Nature Integrated Design

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WMTP Tree Protection Project

Raising Awareness of Nature-Integrated Design Principles

Showing How to Successfully Balance New Infill Projects With Improved Tree Retention

WMTP is educating community leaders, agency staff, and local developers about nature-integrated design principles that can be applied to the site planning of new developments, whether infill multi-family housing, large commercial projects, or new public facilities. The goal is to provide an alternative to the too-common design process of developers cosmetically applying landscaping around the periphery of an already-designed building and hardscape.

Affordable infill housing is needed in our community. WMTP agrees and supports that goal 100%. But pitting trees versus more housing is unnecessary. Infill development can support COB’s Urban Forestry Management Plan goals and Climate Action Plan. Nature-integrated design — together with improved zoning and infill ordinances — is one proven way to do that.

Nature-integrated design embeds nature sustainably throughout a project, not just as window dressing. It goes significantly further than merely preserving (or offseting) any wetlands or critical lands that are present at a site.
Sometimes it’s also referred to as “green architecture” or “biophilic design.” Several cities around the world have fine examples, such as Paris and Singapore to name a few. Some architects now even specialize in this kind of design approach. It doesn’t have to result in exotic-looking, expensive buildings. It can be simple, mindful site planning that accommodates significant natural features that are already on a project site — such as existing mature trees.
Here in Bellingham, it can be a potent way to successfully balance infill project goals with improved tree retention goals. The two goals are not mutually exclusive! Pitting one against the other is unnecessary and distorts what can be achieved for our community.
Nature-Integrated Design Principles
Nature-integrated design is created by holding several intentions early in a project’s design process, such as…
— Prioritize the living. Assess the biological, ecological — and now climate! — value inherent in a site so that smart choices can be made about what to preserve and enhance. If necessary, move/trade development to a different site rather than razing superb natural assets.
— Be smart with footprints. Put nature’s beauty and legacy at the heart of the design by carefully locating — and shaping — building footprints to preserve major natural assets, such as significant trees. Keep buildings outside of the “drip line” so trees can thrive long term. If needed, dial down a higher-density footprint to avoid a squeezed, “maxed-out” site plan that eliminates any possibility of major tree retention.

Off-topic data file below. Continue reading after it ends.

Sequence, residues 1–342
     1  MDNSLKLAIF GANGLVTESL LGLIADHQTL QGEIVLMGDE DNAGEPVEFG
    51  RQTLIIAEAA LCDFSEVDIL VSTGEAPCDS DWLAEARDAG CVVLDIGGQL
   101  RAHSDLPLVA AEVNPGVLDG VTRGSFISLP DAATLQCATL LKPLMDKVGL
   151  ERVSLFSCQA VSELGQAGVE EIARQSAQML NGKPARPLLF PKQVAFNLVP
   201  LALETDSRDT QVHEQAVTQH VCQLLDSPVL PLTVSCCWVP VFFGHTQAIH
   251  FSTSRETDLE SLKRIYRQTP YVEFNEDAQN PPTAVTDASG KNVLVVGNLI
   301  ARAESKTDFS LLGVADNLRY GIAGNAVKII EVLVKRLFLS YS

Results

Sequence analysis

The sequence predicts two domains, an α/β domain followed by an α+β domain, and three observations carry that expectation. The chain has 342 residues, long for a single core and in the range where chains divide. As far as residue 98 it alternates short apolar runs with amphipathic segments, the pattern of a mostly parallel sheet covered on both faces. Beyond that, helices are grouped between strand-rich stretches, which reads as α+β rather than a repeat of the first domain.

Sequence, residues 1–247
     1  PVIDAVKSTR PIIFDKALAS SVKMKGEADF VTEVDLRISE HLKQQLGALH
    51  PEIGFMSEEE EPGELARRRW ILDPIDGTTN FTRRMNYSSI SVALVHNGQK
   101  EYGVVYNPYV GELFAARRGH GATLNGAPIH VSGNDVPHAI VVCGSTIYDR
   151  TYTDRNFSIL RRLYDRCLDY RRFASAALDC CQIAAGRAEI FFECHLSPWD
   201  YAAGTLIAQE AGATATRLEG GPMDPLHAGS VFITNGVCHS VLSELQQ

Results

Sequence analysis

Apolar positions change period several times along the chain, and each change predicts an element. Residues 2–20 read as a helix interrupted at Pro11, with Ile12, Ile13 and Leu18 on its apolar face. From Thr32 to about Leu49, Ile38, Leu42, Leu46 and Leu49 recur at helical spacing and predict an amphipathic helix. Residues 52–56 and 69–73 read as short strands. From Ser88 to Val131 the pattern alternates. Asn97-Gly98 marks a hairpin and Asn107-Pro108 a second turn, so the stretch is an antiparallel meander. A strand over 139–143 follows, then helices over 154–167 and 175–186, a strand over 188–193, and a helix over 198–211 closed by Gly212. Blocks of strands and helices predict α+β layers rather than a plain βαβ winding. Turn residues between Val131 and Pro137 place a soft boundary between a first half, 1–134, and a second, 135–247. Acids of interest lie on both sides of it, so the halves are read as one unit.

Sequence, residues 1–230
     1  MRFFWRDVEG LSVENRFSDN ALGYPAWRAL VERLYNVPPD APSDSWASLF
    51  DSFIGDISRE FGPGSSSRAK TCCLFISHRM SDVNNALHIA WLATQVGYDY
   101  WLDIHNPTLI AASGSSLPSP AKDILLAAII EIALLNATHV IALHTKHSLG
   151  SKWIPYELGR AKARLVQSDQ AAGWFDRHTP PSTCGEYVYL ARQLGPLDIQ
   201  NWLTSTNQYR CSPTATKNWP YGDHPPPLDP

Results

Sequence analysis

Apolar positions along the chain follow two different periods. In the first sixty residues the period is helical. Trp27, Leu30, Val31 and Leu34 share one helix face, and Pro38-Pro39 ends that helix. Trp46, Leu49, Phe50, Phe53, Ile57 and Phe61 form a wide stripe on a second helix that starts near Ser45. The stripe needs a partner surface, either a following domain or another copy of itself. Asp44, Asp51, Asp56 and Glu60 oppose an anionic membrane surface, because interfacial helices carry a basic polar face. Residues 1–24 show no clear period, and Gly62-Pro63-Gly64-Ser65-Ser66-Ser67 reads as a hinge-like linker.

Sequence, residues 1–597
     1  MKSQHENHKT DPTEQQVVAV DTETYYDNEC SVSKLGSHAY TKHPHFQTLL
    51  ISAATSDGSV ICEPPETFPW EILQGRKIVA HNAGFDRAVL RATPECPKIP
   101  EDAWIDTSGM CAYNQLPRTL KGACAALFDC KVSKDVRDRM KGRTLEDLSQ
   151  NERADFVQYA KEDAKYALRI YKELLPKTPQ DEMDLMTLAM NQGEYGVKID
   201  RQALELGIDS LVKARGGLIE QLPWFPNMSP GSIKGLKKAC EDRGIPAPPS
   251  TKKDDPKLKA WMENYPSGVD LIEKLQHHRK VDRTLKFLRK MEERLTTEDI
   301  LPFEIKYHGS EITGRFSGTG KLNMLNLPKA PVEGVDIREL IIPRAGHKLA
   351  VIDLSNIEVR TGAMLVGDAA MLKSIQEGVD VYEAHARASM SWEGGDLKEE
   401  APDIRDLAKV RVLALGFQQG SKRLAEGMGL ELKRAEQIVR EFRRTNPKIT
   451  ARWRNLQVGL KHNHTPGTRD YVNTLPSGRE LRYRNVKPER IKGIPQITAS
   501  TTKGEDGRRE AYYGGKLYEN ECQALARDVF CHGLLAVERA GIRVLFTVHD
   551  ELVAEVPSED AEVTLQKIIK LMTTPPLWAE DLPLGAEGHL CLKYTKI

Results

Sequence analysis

— Build habitat value. Provide nature corridors to adjacent ecologically sensitive areas, when present. On-site, establish multi-level native landscapes that provide ecological/habitat value rather than the usual monoculture ground cover punctuated by a few ornamental trees and bushes. (Bleh!)
— Explore tradeoffs. Work with local planning departments to explore how a retaining major trees (or other major natural assets) — beyond what’s normally required — may earn credits or variances to setbacks or other requirements.
— Think user-based design. People are part of nature, too. Integrate landscape into the architecture (i.e. on rooftops, terraces, balconies) if possible. Orient built spaces away from traffic, noise or other chaos to create a more peaceful environment to live or work in.
It’s Imperative To Take a Better Design Approach
Will it cost more to build such projects? Sometimes, yes. But, as we begin to accumulate fine examples in our region of such an approach, developers may discover that nature-integrated design adds desirability, livability, and value to a project, thereby compensating for at least some of any additional costs.
Under the pressure of pervasive growth, we must all work together in every way possible to improve the climate resiliency, equity, livability and health of our community
We hope policymakers will realize we should not diminish our significant urban trees and forests in the name of rapid growth. We can do better than having just protected parks, Greenways and lakes as “green refuges” within an otherwise hardscape-dominant city. Nature should be threaded everywhere, including in higher-density developments. To fail in this only diminishes our community.

Volunteer Opportunities

Want to help in our tree protection advocacy? Even if you only a have a few hours available per month, please contact us if you have the time and interest! !

Related Links/Resources

City of Bellingham’s Urban Forestry Management Plan webpage
City of Bellingham’s Climate Action Plan webpage

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Whatcom Million Trees Project

Bellingham, WA, USA
(360) 319-1370

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